Adobe warns of another flaw

Adobe recently used its security blog to announce a newly discovered threat targeting the PDF format and Reader software. Users running Mac, Windows and UNIX platforms are at risk from an exploit which could be used to insert a Trojan known as ‘Troj_Pidief.Uo’. This malware creates a backdoor into your system through which complete control can be taken.

The Trojan itself is transmitted through an infected PDF file with an embedded JavaScript agent. At the time Adobe suggested that turning off Java would reduce the risk of infection, although there was no confirmation that this temporary solution would work in all scenarios. The potential for the creation of a similar Trojan which does not require the Java element was also highlighted, which would render simply turning off Java entirely ineffective. Users of Windows Vista with Data Execution Prevention (DEP) activated are automatically protected from infection. The malware affects all versions of Acrobat up to and including 9.1.3.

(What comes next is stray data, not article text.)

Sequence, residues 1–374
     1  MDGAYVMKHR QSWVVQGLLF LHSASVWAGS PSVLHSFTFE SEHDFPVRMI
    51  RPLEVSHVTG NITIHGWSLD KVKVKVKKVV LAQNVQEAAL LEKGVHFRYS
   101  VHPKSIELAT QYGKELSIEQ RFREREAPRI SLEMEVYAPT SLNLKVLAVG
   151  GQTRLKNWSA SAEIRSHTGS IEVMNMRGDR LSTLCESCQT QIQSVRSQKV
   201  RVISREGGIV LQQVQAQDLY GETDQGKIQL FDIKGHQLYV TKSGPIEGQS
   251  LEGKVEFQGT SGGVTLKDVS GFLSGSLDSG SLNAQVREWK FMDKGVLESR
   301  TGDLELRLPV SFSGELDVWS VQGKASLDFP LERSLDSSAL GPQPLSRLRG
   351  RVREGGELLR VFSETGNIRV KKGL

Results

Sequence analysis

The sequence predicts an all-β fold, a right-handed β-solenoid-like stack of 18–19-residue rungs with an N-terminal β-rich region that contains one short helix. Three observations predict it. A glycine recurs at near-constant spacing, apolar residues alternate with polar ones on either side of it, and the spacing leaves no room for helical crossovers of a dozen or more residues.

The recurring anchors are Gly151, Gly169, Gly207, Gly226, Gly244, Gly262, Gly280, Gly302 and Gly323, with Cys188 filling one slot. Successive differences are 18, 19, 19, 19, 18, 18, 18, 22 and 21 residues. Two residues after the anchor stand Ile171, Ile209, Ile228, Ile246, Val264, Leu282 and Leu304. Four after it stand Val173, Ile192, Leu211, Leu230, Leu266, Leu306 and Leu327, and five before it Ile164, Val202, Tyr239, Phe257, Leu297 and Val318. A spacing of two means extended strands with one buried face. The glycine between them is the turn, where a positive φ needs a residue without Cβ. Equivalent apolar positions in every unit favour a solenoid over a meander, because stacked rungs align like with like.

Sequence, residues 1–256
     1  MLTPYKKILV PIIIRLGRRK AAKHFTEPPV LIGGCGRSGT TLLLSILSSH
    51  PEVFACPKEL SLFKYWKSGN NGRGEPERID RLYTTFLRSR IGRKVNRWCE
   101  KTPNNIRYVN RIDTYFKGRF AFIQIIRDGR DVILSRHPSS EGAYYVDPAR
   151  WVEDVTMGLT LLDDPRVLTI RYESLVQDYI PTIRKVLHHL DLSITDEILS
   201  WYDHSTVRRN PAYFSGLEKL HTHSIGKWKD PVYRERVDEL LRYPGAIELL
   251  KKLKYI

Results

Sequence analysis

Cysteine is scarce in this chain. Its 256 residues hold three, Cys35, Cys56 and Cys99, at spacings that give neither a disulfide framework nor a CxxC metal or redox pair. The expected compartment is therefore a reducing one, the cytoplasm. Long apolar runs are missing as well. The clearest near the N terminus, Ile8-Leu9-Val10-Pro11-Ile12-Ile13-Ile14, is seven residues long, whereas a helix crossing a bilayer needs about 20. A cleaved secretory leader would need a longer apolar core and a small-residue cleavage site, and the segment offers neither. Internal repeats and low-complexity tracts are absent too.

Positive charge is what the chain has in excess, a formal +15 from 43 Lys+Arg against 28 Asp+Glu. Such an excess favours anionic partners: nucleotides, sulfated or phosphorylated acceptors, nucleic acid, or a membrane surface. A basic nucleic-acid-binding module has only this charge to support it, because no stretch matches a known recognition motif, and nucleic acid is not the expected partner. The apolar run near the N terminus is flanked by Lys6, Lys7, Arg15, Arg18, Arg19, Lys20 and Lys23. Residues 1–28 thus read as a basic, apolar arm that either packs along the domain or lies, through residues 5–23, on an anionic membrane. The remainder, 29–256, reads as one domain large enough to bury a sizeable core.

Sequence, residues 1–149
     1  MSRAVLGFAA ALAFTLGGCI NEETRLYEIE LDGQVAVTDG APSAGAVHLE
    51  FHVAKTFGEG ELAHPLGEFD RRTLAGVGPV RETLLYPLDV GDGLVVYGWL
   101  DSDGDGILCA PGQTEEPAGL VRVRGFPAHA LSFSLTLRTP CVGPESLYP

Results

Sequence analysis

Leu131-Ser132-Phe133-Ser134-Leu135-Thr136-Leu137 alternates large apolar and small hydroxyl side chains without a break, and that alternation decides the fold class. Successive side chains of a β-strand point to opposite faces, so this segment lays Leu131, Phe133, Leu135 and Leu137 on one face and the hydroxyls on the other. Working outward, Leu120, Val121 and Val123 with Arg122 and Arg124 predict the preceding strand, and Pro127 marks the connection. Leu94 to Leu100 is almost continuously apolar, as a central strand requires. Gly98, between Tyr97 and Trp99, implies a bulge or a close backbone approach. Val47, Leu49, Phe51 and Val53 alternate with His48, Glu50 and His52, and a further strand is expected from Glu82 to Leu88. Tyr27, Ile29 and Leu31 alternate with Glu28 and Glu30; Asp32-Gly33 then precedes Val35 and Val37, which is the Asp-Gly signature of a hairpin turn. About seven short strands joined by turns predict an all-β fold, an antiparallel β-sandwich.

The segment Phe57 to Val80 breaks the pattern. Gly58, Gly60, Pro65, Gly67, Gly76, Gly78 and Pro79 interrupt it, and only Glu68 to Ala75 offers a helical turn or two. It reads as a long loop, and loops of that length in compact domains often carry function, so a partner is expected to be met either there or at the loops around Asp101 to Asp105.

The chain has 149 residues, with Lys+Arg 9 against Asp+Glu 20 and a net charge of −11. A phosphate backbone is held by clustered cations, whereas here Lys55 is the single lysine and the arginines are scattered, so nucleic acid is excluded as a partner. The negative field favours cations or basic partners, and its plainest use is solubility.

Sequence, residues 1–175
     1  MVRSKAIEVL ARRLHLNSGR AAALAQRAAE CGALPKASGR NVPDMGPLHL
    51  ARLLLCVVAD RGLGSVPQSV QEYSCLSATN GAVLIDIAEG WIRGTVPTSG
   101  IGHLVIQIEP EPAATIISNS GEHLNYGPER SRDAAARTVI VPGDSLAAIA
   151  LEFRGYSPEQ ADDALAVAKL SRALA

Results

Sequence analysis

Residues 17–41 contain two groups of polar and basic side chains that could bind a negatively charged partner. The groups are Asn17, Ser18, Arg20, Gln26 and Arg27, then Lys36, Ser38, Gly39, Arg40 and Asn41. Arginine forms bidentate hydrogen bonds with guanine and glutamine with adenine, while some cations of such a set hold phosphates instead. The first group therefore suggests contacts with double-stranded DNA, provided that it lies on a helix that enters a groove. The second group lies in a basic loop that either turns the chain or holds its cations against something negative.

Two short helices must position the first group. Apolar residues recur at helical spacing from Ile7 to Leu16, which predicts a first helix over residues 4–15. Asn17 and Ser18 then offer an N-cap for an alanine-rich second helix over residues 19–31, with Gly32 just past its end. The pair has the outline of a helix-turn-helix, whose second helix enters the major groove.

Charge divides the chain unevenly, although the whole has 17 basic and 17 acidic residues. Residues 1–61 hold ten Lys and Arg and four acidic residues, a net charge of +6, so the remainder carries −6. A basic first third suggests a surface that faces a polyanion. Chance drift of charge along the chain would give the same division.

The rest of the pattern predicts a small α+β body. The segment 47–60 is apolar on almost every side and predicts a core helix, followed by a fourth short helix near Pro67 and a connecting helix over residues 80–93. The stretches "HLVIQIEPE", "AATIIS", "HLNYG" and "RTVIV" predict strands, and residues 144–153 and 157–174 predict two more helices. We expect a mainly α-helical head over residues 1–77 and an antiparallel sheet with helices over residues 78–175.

The first attacks on unprotected computers were confirmed in Taiwan by a security task force and Adobe thanked the group in their initial blog post. The initial attacks were aimed at specific targets, but the bug could be used to impact the wider online community.

At a recent conference Adobe’s chief technical officer was positive in the face of ever increasing attacks on Adobe’s formats. Kevin Lynch explained that although security risks were more common for both Reader and Flash, a dedicated security task force is working to fix vulnerabilities as and when they appear. This has enabled Adobe to reduce the elapsed time between a bug being identified and a critical fix being issued to 14 days or less.

Adobe also works in tandem with anti-virus software providers in order to quickly protect its customers from any bugs. It is this kind of interdisciplinary co-operation that is necessary to tackle the persistent, damaging threat of malware. In the case of this recent exploit Adobe has already issued a remedy included in the Reader security update, released on the 13th October. As such all PDF and Reader users are now being urged to install the update as soon as possible, as well as to keep their anti-virus software up to date.

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